Best laptops for under £1,000 2015 UK: The best laptops you can buy under £1,000

Best laptops for under £1,000 2015 UK: The best laptops you can buy under £1,000

 

In this chart, there’s no cap on how much the device can cost – sometimes the best does come at a steep price. Equally you can get a lot of laptop for under £300 – provided you only need to do basic tasks like browse the web, email and create the odd document. If so see the best budget laptops.

Spending a bit more, around £500 and above, will potentially get you a nice laptop but it’s likely to have an entry-level set of specs. We’re talking a relatively basic processor, minimal SSD storage and a low resolution screen. It might also be a bit heavy and bulky.

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Ramp up the amount you’re happy to splash out – £800 and up – and you’ll be looking at the best of the best with a blazing fast processor, plenty of RAM, hordes of storage and a gorgeous display. You should also expect excellent build quality and premium materials.

That’s why it’s crucial to read laptop reviews before you buy.

Best laptops for under £1,000 2015 UK: The best laptops you can buy under £1,000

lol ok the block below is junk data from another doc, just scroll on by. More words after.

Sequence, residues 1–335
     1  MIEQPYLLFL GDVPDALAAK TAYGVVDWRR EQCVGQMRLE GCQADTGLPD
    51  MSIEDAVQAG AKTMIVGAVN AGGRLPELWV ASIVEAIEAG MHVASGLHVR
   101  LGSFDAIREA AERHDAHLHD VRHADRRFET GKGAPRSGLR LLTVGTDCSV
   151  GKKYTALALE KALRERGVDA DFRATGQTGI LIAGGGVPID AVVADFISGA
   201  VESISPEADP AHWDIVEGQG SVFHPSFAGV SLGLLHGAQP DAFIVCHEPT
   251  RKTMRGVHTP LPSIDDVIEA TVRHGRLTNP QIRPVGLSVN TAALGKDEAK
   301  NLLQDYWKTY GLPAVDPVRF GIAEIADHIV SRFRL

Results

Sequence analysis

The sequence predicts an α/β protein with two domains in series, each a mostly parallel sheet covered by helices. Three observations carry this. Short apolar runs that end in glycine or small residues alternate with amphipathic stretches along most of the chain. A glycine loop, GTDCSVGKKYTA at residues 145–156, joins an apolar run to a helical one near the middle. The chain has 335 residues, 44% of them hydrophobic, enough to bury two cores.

Best laptops 2016/2017: What screen size laptop do I need?

The size of your screen is an important decision when buying a laptop. After all they typically range from 11- all the way up to 17in.

A smaller screen might be harder to work on but it means that the laptop will be far more portable, handy if you need to take it around with you wherever you go. Bear in mind that a smaller device means less space for features like ports.

At 17in, you’re buying a desktop replacement laptop which isn’t deigned to be moved around often. You’ll likely get a full-size keyboard, lots of connectivity and possibly even an optical drive, too.

Generally, unless you’re looking at either end of the spectrum, a 13in laptop is the sweet spot for us combining portability with usability.

While many laptops have a resolution of 1366×768, you should look for something more if you want the best. Full HD (1920×1080) and higher should be a tick box and you can even get 4K laptops now, although arguably it’s not necessary.

If you want a touchscreen, this normally adds to the cost. Most laptops come with a glossy screen but most people prefer a less reflective matt finish so that’s something to look out for, too.

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